Green Energy Futures.ca/David Dodge
On the roof of the Two Twenty building in Saskatoon, Saskatchewan are 90 solar modules comprising a 27.5 kilowatt solar system, the very first project built by the newly-formed SES Solar Co-operative. The co-op is an offshoot of the Saskatchewan Environmental Society (SES) that works on conservation, sustainability and yes, energy issues.
Nicaragua is a land of extremes: a deeply scarred paradise with placid lakes and active volcanoes; warm, welcoming people, divided by class and polarized by politics. Yet, in this divisive environment, Canadian-assisted co-ops are a unifying force, bringing people together to work for the common good.
It may be difficult for Canadians to imagine what it is like to be a woman manager of a financial institution in a developing country. I met 45 of these women, who shared their challenges and triumphs...
This really is a special time in my life and my career. While after seven weeks I haven't made many friends here, found anywhere to go dancing or taken any solo adventures outside the capital city of Lilongwe, I'm enjoying Malawian culture. If you'd like to pretend you're living here as a CCA volunteer, try this routine:
Co-operatives have long been an effective way for impoverished and struggling communities to come together to lift themselves up and achieve greater prosperity. Today that same co-operative model is being put to use in countries throughout the developing world. Uganda is just one such example.
The Canadian Co-operative Association is not, and has never been, a humanitarian relief effort. You won't often find us in the middle of a major humanitarian crisis or a shooting war -- in Afghanistan...
In 2013 Moh Moh was the first woman ever from Myanmar to participate in the Canadian Co-operative Association's Women's Mentorship Program, a specialized training program for women credit union professionals from around the world. Her participation is all the more striking when one considers Myanmar's recent history.
Baina Omugisa means "the lucky ones," but the members of BOMIDO Co-operative Society in the Masindi district of Western Uganda are making their own luck by working hard and sharing the knowledge they have gained through IFAPI to grow their farms and increase the amount they earn from their produce.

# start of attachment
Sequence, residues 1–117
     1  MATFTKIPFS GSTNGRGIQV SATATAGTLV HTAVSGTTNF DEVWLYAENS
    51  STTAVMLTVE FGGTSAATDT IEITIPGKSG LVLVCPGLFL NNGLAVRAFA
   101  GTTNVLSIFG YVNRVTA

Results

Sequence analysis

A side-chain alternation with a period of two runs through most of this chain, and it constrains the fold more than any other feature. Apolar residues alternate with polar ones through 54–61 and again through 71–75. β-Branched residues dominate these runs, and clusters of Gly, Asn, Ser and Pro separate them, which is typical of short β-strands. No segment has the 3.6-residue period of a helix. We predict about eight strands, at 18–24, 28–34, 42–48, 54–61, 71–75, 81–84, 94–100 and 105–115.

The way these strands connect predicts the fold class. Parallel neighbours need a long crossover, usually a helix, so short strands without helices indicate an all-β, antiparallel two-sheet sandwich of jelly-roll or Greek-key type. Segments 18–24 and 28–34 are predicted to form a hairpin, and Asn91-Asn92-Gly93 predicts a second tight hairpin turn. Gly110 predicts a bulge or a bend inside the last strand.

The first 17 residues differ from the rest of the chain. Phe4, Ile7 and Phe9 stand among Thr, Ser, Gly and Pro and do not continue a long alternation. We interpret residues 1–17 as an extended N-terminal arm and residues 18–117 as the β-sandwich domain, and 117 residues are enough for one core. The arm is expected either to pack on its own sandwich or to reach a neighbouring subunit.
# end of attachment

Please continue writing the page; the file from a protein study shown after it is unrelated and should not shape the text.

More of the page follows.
In my experience, the people who are most involved with international development are also very much involved in their communities, working for social justice wherever they are needed. I suppose it also has to do with the fact that, in my mind, the notion of global citizenship is inclusive. We are working against global poverty.
Have you ever watched a TV commercial for international aid and wondered how people's donations work in developing countries? Before I travelled to northern Uganda as part of a team of volunteers with the Canadian Co-operative Association (CCA), I did. But on that trip I met many Ugandans whose lives are being improved with the help of generous Canadians, and my outlook was forever changed.
It may seem like an oxymoron, but co-operatives are profoundly local organizations, with worldwide reach and connections. Over the years co-operatives all around the world have linked to create economies of scale and support each other. That's what we do through the Canadian Co-operative Association.
Perhaps you're thinking of downsizing since you don't need the four-bedroom house anymore. Sick of shoveling the snow? Want more time to travel? A hassle-free condo lifestyle might be what you're looking for. Condos and co-ops are both good alternatives to owning a house, but there are pros and cons to both.